I tried to communicate with EWTN directly about this error, but I am just a little man with a little website, so no wonder they did not listen to me.
How the kids suffered and went through sickness for the sins of others. Is this normal Catholic thing? … Jesus healed sickness…
Sin is a sickness too but in the spiritual order. Jesus did heal sickness of the body in the physical order which is the kind you mentioned Jesus healed. One is of the body and the other of the soul.
Jesus said unless we are willing to pick up our cross and follow him, we are unworthy of him.
His cross was the tool he used to redeem mankind. Our cross, that is our every day trials, efforts and tribulations, we must also pickup and use as our tool to take part in the redeeming of mankind as well. “I bear in my body the sufferings lacking to Christ’s” said St. Paul. We are part of Christ’s body, Christ being the vine and we the branches. We are one with him even in sharing with him this great work of his redemption. We are all one body with him thru grace.
In addition I don’t recall anywhere where it is mentioned in the New Testment that we would not suffer in this life. If anything, it says that we will suffer and we should rejoice when we suffer because of Christ. And that it profits a man nothing to gain the whole world and suffer the loss of his soul, which entails giving priority to the soul and denying the body so the soul is in charge.
Now as far as there being one mediator, Christ, that is a different question than our participation in the redemptive role of Christ. I mention this here because that is eventually what this leads to.
May God bless and keep you. May God’s face shine on you. May God be kind to you and give you peace.
It’s been “a normal Catholic thing” since the Church was first founded.
You also, like living stones, are being built into a spiritual house [into a temple of the Spirit] to be a holy priesthood, offering spiritual sacrifices acceptable to God through Jesus Christ.
1 Peter 2, 5
Catechism of the Catholic Church
**Two participations in the one priesthood of Christ **
1546 Christ, high priest and unique mediator, has made of the Church “a kingdom, priests for his God and Father.” [cf. Rev 1:6; 5:9-10] The whole community of believers is, as such, priestly. The faithful exercise their baptismal priesthood through their participation, each according to his own vocation, in Christ’s mission as priest, prophet, and king. Through the sacraments of Baptism and Confirmation the faithful are “consecrated to be . . . a holy priesthood.”
1547 The ministerial or hierarchical priesthood of bishops and priests, and the common priesthood of all the faithful participate, “each in its own proper way, in the one priesthood of Christ.” While being “ordered one to another,” they differ essentially. In what sense? While the common priesthood of the faithful is exercised by the unfolding of baptismal grace-a life of faith, hope, and charity, a life according to the Spirit-,the ministerial priesthood is at the service of the common priesthood. It is directed at the unfolding of the baptismal grace of all Christians. The ministerial priesthood is a means by which Christ unceasingly builds up and leads his Church. For this reason it is transmitted by its own sacrament, the sacrament of Holy Orders.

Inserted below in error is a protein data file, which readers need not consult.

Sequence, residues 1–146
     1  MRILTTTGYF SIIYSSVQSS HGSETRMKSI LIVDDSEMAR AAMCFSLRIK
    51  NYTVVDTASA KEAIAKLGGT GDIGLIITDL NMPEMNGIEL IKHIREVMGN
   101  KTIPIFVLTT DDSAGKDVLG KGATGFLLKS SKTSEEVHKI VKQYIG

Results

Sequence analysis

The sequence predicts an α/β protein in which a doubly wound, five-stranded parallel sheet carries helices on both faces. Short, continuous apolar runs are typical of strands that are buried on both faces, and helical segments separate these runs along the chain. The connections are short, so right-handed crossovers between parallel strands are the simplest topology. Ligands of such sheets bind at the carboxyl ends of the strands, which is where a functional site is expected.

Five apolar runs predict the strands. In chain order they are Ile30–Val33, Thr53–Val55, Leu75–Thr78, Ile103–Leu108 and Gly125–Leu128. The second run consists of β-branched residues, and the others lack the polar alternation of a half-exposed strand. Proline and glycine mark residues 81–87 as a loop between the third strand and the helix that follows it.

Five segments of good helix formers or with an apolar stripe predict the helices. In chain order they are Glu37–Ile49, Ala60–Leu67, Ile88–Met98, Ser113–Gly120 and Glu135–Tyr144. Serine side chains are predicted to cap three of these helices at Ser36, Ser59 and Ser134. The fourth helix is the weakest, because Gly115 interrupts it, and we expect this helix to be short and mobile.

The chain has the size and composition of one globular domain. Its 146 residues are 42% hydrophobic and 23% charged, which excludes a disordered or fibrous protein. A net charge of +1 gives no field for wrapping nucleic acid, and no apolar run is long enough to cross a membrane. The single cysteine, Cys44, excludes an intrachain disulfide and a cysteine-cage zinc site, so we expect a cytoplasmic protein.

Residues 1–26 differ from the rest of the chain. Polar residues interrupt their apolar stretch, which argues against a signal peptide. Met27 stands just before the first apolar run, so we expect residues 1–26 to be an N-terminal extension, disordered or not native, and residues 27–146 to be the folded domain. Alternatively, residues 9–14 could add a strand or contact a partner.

Every baptized Christian in the less proper and ministerial sense as members of the common royal priesthood of believers, of whom Christ is the head, may be called priests or mediators inasmuch as they metaphorically offer up to God in and through Christ oblations in the forms of personal sacrifices and acts of self-denial, prayers, or almsgiving, etc… This is good and pleasing to God, since He desires everyone to be saved (cf. 1 Timothy 2:1-4).
The Catholic Church professes that Jesus Christ is the one mediator between God and humankind (cf.1 Tim 2:5), by which St. Paul means that only our Lord and Saviour could redeem the world and reconcile it with the Father in strict justice by atoning for the sins of the world through the shedding of his precious blood as both high priest and sacrificial victim. However, our Lord’s principal mediation in his humanity does not necessarily preclude our mediation by right of friendship with God in and through Christ through the offering of our intercessory prayers, personal sacrifices, and suffering for the salvation of souls. In other words, the apostle has no intention of emphasizing that Jesus Christ is the only mediator in the economy of salvation. Exegete Manuel Miguens has pointed out that v.5 should be translated from the Greek to mean: ‘There is one and the same God for all, and there is one and the same mediator for all.’ Christ alone has served as a ransom for us all with his sacred blood (v.6) as the sacrificial paschal lamb of God. The Father’s merciful love and benevolence, and the atonement made for us by the Son, are for the entire world: both Jew and Gentile alike. Salvation came from the Jews, but it is offered not only to them.
In v.5 the Greek word for “one” is heis. Paul would have been inconsistent in his theology of human mediation if he had chosen the word monos instead. According to Miguens, the latter word “signifies ‘only’ in the sense of exclusive uniqueness,” whereas the former term “denotes a sameness of function.” The apostle could not possibly have meant that there is numerically only one human mediator in the divine work of salvation in a broad and exclusive sense. God’s chosen people are not passive spectators in the divine plan of salvation, concerned only with the salvation of each of their own souls in their personal relationship with Christ as sole mediator before God, but rather active participants in the divine economy as “fellow workers” (sunergoi) with God (cf. 1 Cor 3:9). As factual mediators they serve as physical channels of divine grace, which originates from the Father and is dispensed by Him to the world through them in the name of the Son. By the merits of our Lord’s precious blood, all the faithful members of God’s household are called to participate in Christ’s principal mediation for the salvation of souls by their prayers and sacrifices which consequently merit by right of friendship with God the application of divine grace for souls in need of conversion and temporal satisfaction for their sins. Christ alone has made eternal satisfaction.
*I appeal to you therefore, brothers and sisters, by the mercies of God, to present your bodies as a living sacrifice, holy and acceptable to God, which is your spiritual worship.
Romans 12, 1
Every man has received grace, ministering the same to one another: as good stewards of the manifold grace of God.
1 Peter 4, 10*